Sudan

 
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Release date: April 18, 1945

Directed by: John Rawlins

Starring: Maria Montez, Jon Hall, Turhan Bey, Andy Devine

Budget: n/a

Box office: n/a

After the death of her father, the young Naila becomes queen of the ancient Egyptian kingdom of Khemis. However, she is captured and enslaved and must find her way back to the throne.

With its visually appealing scenery and costumes Sudan feels as if it could be an enjoyable epic. It delivers the exact opposite.

Employing an incredibly basic plot, following a high-ranking person suddenly being ousted from their position and beginning the long journey back. The problem is the film doesn’t do anything interesting with it. Naila traverses all the obvious elements found in this kind of story, never deviating from the stereotypical trappings her kind of journey produces. It doesn’t even begin well either, following a poorly introduced character with no purpose to the plot who the audience will never see nor care about ever again.

The characters are all bland cardboard cutouts too. Nalia is the stubborn princess who becomes queen upon her father’s death, Merab and Nebka are the straight man and comedic joker duo who tag along in the journey back, Herua is the stout leader the rebels look up to and so on and so forth. None of them have any personality to speak of, making it difficult to really care about anyone in this film.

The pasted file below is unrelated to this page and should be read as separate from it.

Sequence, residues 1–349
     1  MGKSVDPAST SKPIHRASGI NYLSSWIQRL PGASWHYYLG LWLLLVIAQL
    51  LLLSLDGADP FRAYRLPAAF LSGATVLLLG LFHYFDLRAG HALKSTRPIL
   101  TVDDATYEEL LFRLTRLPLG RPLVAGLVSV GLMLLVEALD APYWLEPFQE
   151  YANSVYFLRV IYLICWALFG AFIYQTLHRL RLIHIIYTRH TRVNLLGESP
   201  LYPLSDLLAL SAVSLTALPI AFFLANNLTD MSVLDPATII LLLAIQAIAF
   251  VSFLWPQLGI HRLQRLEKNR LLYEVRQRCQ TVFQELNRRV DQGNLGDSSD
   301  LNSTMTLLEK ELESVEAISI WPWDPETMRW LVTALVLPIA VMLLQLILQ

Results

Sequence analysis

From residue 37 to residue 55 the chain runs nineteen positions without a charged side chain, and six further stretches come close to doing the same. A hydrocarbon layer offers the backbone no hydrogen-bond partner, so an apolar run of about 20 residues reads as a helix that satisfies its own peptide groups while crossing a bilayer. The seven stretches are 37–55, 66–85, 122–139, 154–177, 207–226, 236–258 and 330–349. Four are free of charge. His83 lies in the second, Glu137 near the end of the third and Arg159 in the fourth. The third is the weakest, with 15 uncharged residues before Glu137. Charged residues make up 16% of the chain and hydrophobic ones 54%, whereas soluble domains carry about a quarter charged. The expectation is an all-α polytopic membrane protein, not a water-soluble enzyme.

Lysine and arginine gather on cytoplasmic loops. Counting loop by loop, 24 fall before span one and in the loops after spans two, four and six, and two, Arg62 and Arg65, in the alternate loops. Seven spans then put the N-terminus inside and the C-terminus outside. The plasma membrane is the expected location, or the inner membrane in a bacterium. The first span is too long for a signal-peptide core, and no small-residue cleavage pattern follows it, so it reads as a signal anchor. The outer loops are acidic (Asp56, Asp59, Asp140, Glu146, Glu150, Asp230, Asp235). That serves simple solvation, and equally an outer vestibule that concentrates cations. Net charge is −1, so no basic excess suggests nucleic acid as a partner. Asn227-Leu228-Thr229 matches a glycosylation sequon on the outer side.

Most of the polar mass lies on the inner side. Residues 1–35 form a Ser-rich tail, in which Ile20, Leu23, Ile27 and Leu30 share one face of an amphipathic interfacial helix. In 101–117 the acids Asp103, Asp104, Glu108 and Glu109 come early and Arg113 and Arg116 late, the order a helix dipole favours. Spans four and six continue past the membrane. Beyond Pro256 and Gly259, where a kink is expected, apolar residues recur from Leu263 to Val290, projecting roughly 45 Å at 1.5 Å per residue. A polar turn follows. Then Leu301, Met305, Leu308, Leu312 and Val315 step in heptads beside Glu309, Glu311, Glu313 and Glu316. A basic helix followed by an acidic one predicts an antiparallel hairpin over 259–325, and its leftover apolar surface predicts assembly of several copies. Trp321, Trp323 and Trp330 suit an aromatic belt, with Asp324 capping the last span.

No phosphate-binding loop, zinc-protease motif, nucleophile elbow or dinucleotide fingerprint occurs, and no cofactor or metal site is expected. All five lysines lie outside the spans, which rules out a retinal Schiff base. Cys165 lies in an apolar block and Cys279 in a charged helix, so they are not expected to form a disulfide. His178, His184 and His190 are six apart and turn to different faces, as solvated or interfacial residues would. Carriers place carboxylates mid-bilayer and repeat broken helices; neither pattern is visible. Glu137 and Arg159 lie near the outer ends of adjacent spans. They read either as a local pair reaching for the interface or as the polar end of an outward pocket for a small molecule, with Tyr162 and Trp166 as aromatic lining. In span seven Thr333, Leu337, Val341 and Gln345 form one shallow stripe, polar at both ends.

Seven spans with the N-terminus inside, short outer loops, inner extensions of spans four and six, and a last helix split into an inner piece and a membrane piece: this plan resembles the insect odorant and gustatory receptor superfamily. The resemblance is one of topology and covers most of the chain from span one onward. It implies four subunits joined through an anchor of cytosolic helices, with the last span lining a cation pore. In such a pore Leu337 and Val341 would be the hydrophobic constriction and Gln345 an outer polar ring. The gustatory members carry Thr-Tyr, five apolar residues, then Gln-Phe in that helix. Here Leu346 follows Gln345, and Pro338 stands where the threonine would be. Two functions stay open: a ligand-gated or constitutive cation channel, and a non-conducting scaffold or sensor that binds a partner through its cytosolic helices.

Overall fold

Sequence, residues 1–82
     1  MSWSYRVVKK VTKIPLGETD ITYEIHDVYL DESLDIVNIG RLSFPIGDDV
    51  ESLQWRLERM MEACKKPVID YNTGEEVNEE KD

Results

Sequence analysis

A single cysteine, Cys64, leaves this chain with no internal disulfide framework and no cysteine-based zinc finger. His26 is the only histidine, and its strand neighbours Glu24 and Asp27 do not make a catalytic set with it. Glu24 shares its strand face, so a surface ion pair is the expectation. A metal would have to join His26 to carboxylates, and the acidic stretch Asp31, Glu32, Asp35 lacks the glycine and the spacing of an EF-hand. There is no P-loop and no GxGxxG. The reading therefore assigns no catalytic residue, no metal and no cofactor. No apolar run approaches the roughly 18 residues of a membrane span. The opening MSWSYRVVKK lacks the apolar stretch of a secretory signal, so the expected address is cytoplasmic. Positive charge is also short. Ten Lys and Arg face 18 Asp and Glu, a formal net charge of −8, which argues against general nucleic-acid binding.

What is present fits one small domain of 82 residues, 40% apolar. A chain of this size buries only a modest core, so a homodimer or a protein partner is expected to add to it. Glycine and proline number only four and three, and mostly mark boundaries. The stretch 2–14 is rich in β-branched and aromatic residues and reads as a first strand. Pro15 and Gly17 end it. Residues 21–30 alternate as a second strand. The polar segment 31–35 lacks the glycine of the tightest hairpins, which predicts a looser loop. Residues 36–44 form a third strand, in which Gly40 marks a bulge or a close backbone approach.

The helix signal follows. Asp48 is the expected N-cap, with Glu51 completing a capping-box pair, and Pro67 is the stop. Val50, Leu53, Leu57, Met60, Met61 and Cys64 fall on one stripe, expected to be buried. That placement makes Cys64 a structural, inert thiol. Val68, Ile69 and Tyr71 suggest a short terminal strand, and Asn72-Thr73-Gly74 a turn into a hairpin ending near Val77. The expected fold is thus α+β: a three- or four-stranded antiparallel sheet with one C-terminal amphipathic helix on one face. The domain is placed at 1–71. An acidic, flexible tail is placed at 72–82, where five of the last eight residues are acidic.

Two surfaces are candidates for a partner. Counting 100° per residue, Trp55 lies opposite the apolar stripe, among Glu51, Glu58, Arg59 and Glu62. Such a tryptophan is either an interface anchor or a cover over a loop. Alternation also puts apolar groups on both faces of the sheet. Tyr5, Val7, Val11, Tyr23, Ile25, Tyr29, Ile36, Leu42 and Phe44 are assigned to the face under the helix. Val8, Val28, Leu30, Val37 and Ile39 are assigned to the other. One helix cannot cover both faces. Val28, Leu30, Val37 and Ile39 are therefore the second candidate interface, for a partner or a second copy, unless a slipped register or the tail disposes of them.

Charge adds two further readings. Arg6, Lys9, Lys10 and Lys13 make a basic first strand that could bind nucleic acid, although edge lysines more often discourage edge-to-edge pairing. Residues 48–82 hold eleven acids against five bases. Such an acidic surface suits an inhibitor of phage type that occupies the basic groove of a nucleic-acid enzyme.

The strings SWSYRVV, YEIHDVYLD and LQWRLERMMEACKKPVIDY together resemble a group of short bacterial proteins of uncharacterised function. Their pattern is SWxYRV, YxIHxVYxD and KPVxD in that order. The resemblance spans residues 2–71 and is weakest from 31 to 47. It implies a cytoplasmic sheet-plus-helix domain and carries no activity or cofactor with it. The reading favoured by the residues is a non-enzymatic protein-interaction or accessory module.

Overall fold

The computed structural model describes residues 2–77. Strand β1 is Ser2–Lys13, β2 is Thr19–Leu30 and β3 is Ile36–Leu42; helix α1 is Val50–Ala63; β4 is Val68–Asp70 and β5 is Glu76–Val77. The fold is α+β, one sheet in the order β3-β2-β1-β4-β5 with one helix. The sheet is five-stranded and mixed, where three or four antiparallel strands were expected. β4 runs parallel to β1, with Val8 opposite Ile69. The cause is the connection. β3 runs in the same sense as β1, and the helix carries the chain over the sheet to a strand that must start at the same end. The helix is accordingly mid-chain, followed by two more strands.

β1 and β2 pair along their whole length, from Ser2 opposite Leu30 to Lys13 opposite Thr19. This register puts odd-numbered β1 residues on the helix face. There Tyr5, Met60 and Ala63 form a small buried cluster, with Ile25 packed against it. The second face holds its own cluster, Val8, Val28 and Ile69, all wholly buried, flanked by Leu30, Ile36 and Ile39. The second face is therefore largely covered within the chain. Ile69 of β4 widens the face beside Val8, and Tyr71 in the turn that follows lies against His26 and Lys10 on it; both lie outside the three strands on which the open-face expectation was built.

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The dullness of the characters is only compounded by the acting found in this film, or lack thereof. Nearly every performance in this film is as wooden as possible, evoking the feeling that none of them actually wanted to be in it. What should be a harrowing tale about an ousted queen trying to get back to the throne feels like an everyday occurrence based on the amount of emotion the actors are showing. The only person in this film who seems like they’re even trying is Devine as Nebka and all he does throughout the film is act as the comedic relief. It’s difficult to care about what’s going on when the only actor giving any weight to their performance is the one joking about the whole thing.

Pacing is an issue as well. At first, it’s a slow plod before the viewers can even meet the main character before speeding up, barely giving them a chance to attach themselves to her. Numerous times throughout the film, the pacing speeds up and slows down, creating the impression the director couldn’t decide whether he wanted to create a slow epic or a fast-paced adventure film. The finished product is neither.

This film is plain boring and not even worth picking up from a bargain bin.